mrpLegal Counsel for the Union of Ontario Indians Jenny Restoule-Mallozzi says that it’s important for First Nations to understand that if they don’t pass their own Matrimonial Real Property (MRP) Law, the resolution of MRP in their First Nations is now under the jurisdiction of the federal legislation Family Homes on Reserves and Matrimonial Interests or Rights Act which came into force December 16, 2014.

“The federal process is not tailored to the First Nations and its citizens as it requires MRP to be settled through provincial courts rather than through First Nation dispute resolution processes or traditional approaches,” says Restoule-Mallozzi.  “Use of the provincial court systems will mean a foreign government will be determining MRP issues in First Nations, will be more adversarial, will be lengthy, and will be much more costly for First Nations and their citizens.”

“Matrimonial Real Property is the family home and any interests or rights in structures and lands on reserve,” says Restoule. “This has been an issue for years because there were no provisions under the Indian Act or any other legislation that addressed how MRP on-reserve would be resolved.  Despite the fact that there was no federal or provincial legislation, First Nations have always had their own ways to resolve MRP issues within their communities although these may have been mainly through unwritten laws.”

Restoule-Mallozzi also says that the MRP Laws are tied to larger initiatives that are currently being developed by the Anishinabek Nation – Citizenship, Constitution, the Child Well-Being Law, and Anishinabek Nation dispute resolution processes.   “In developing these laws, the Anishinabek Nation is asserting its jurisdiction to govern its citizens, affairs, and rights through laws that are centered on the values, traditions, customs, and rights of the Anishinabek.”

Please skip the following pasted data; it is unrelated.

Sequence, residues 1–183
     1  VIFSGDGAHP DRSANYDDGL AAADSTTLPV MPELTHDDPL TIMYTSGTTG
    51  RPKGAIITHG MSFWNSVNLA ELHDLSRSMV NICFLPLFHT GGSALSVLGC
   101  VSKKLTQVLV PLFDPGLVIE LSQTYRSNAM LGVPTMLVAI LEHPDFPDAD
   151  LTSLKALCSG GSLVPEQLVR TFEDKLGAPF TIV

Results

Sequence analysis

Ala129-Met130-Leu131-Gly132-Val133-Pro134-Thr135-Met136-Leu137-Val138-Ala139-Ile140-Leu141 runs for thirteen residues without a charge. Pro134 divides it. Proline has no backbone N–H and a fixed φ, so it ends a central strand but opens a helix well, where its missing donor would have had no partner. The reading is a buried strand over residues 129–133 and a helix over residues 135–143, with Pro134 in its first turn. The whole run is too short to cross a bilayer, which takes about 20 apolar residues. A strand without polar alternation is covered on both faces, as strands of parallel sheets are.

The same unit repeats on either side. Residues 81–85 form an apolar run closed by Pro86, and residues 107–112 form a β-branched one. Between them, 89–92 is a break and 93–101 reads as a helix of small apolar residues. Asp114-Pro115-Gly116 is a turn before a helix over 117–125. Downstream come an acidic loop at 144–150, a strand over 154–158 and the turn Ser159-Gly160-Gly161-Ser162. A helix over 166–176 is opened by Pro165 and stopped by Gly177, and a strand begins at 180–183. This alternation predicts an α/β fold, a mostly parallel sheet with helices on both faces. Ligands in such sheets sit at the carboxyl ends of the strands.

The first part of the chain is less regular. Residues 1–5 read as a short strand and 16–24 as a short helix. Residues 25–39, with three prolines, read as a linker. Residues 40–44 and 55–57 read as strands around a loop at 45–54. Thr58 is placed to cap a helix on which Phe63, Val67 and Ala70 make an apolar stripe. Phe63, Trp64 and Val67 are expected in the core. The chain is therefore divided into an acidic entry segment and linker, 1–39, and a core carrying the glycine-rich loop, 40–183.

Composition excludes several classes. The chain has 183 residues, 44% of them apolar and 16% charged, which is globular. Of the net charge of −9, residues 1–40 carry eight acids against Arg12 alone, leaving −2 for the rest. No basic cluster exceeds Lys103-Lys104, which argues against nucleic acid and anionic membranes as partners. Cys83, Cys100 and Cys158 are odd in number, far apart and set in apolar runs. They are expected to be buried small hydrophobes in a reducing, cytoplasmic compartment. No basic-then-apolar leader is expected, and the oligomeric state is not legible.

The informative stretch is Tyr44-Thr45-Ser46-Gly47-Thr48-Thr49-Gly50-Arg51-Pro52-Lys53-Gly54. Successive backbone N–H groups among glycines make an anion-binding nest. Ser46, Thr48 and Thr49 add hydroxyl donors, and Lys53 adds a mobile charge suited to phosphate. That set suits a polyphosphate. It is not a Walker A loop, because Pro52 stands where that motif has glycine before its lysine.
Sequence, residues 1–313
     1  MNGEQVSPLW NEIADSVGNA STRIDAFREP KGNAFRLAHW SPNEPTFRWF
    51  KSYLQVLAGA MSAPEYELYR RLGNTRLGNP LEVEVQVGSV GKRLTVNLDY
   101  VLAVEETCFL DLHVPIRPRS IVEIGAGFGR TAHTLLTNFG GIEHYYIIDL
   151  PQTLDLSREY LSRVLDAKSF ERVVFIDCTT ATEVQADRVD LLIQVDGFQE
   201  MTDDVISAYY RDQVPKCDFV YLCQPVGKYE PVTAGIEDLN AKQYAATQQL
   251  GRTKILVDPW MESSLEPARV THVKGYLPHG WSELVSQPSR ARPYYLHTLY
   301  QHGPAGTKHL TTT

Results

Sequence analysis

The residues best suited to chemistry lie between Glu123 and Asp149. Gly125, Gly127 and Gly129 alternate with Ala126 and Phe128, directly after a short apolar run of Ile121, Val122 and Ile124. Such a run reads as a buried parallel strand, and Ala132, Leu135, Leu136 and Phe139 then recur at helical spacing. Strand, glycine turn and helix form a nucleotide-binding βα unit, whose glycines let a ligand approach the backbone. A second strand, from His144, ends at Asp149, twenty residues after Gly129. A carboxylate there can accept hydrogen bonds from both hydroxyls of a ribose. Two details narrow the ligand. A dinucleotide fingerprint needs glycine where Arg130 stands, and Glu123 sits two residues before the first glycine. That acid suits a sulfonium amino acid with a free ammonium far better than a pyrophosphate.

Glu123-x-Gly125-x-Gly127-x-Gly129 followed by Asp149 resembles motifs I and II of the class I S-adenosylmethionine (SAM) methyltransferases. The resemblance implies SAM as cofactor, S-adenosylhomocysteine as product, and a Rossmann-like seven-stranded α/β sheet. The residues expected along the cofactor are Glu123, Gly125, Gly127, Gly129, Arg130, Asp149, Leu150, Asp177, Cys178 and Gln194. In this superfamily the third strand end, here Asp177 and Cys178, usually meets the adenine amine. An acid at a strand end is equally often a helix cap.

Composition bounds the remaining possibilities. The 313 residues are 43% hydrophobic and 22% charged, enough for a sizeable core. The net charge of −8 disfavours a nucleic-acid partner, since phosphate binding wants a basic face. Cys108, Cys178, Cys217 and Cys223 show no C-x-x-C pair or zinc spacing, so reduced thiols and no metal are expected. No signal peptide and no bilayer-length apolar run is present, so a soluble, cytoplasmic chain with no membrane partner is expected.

Aundeck Omni Kaning has had a MRP Law in place since the late 1980s.  There are additional Anishinabek Nation First Nations that have recently passed their MRP laws and others who are in the process of developing theirs.  The Legal Department of the Union of Ontario Indians is available to provide MRP training or MRP law development to First Nations on a fee for-service basis.

Restoule-Mallozzi says that communities that are interested in developing their own MRP Law can use the Anishinabek Nation Law, which was passed in 2007, as a template.

“The template is a starting point,” says Restoule.  “It sets the framework and guiding principles for Anishinabek First Nations, allows communities to establish regulations and rules, and assists in guiding discussions within communities as to what values and approaches to MRP do First Nations want to include within their own MRP laws.”

For more information on the federal MRP legislation, visit  For more information on the Anishinabek Nation MRP Law, visit To arrange for MRP assistance on a fee-for service basis from the Legal Department, contact Linda Seamont at (705) 497-9127 or